Priority By Budget

In early March, President Trump released his budget proposal for the 2020 fiscal year, a proposal that would set federal research spending at $151 billion, or roughly 3% of total federal spending, which would cut overall federal research spending by 11%, or almost $17 billion. Now, that’s only his proposal, and the final say on federal spending lies with the Congress, but proposals do indicate the President’s priorities. Under Trump’s priorities, the National Institutes of Health, the National Science Foundation, and the Department of Energy’s Office of Science would all face cuts of more than 12%, while science funding at the Environmental Protection Agency would drop by 40%.

After World War II, the U.S. funded almost 70% of research and development funding world-wide. Today, that figure is 28%, and while that shift can be partly explained by the ability of the rest of the world to be able to fund research, the fact is that the U.S. is being badly outspent, particularly in the area of basic research.

At present, total U.S. spending on basic research comprises less than 17% of all U.S. R&D spending. About three-quarters of U.S. basic research is funded by the federal government (44%), state governments (3%), institutions of higher education (13%), and other non-profits (13%).

To make matters worse, the majority of R&D spending by U.S. businesses goes toward product development, with only about six percent of business R&D funds going to basic research, and over the last four decades, the contribution of U.S. corporations to new basic research has dropped from 30% of published research to less than 10%. This isn’t surprising, because basic research is unpredictable and often expensive, but without basic research, in time, product development will slow dramatically, if not come to a virtual halt. That’s why federal support of basic research is absolutely necessary if U.S. industry is to continue to compete in a global market.

Then add to that the fact that climate change and its environmental effects are a persistent and real future problem… and Trump wants to cut environment research by 40%?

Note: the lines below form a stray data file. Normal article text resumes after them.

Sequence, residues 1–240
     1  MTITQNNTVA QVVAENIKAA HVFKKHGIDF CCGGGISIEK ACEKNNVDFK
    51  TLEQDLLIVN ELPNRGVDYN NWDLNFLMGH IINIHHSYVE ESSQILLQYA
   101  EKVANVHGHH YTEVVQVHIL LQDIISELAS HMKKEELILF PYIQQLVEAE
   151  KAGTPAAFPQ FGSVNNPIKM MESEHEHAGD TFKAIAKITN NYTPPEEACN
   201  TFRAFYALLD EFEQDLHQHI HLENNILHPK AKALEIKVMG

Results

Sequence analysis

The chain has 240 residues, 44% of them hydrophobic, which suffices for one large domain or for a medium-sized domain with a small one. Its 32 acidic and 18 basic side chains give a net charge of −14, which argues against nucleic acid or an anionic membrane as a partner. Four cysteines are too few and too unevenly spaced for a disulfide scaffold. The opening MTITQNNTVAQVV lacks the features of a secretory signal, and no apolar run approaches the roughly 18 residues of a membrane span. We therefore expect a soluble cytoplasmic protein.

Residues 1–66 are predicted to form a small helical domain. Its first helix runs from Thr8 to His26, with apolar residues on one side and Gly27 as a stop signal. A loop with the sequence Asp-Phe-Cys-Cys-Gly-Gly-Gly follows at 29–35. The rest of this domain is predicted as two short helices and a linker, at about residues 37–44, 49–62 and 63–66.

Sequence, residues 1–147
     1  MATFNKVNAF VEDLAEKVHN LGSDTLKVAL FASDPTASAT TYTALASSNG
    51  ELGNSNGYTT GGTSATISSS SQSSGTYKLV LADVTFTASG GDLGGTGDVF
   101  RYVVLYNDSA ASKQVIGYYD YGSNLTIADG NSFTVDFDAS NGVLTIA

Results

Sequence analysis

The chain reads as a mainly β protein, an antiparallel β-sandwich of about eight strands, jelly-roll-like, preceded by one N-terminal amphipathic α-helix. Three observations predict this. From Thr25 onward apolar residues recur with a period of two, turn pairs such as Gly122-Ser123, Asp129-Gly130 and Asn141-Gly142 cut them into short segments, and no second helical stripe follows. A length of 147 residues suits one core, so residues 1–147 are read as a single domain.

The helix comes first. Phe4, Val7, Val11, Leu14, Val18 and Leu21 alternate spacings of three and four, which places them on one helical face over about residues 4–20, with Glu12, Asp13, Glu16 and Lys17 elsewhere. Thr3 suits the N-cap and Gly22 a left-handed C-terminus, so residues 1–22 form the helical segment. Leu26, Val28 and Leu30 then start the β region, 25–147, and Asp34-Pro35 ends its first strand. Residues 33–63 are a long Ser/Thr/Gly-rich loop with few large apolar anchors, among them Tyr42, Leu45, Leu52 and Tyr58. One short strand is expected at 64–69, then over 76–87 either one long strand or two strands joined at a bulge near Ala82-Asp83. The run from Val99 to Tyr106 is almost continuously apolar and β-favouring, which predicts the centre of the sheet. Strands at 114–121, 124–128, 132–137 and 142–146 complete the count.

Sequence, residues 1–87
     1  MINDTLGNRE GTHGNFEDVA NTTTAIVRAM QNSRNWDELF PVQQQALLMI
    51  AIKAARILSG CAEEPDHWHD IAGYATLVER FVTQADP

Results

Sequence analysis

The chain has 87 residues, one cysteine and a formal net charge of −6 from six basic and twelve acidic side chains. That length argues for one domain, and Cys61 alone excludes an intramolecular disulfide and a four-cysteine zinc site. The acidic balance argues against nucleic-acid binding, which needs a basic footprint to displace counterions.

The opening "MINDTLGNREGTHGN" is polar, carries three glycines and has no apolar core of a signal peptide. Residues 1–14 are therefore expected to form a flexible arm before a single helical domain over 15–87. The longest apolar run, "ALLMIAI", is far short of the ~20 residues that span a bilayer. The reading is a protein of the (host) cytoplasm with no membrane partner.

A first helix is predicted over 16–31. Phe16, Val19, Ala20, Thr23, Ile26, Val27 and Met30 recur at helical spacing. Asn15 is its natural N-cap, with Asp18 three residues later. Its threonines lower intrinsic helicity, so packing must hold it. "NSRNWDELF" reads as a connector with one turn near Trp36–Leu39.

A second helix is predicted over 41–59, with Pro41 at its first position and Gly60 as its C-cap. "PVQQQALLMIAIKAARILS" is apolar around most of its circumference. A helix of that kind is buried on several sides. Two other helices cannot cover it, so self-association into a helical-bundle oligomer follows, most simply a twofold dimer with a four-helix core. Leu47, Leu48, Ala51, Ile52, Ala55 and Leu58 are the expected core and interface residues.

All that suggests that the President’s priorities are anything but for the future.

4 thoughts on “Priority By Budget”

  1. Lourain says:

    While Truman proclaimed “The buck stops here!”, I find it difficult to believe that Trump actually contributed to the details of his federal budget proposal.
    The question then arises…who in his Administration wants to make such severe cuts? What is their purpose? Their philosophy? (And how do we get rid of them?…I already know the answer to that question.)

  2. R. Hamilton says:

    There are multiple programs to develop controlled fusion. One is huge, international, and results would be 10-20 years away or more. There are at least two or three US programs that are mostly private, if with some government funding where they look promising. Any of them that succeeds will likely produce a smaller, cheaper power plant, a design that would contribute to a more robust grid by having more smaller facilities rather than less large ones.

    Similar applies to e.g. using solar or nuclear to convert water and CO2 back to fuel; a few government backed programs, tending toward the grandiose (although there are logistical appeals to a carrier creating jet fuel for its own aircraft).

    Research Good, Ignorance Bad (Buffy-speak, more or less); fine. But why should _anything_ be off the table for questioning what’s needed and what isn’t? Research such as the habits of species not particularly endangered nor particularly likely to be of practical use is among the sort the federal government spends money on, and while all knowledge is probably of eventual utility or at least interest, some sorts are just not a good return on taxpayer “investment”, they’re just pork of another kind.

    Are these cuts excessive? Maybe. But I’d question cuts (or the lack of them) for specific programs rather than just whether there are too many cuts in some very broad category – with the deficit being what it is, _something_ needs to be cut, and I’d rather have troops and border patrol and even FBI agents than do for people _or_ businesses what they should be doing for themselves.

    1. But the problem is that corporations are doing a smaller and smaller percentage of basic research, and the difficulty with “evaluating” basic research on “future practicality” is that such “evaluation” doesn’t work very well. All basic research is a crap-shoot so far as economic returns go. Some of Proxmire’s golden fleece awards turned out to have practical applications [unfortunately long after the award].

      1. R. Hamilton says:

        You might find the following interesting – basic research (with acknowledged _eventual_ applications where we really don’t want to be behind our adversaries – both secure commerce and defense require that!), passed by Congress on a bipartisan basis, signed by President Trump.

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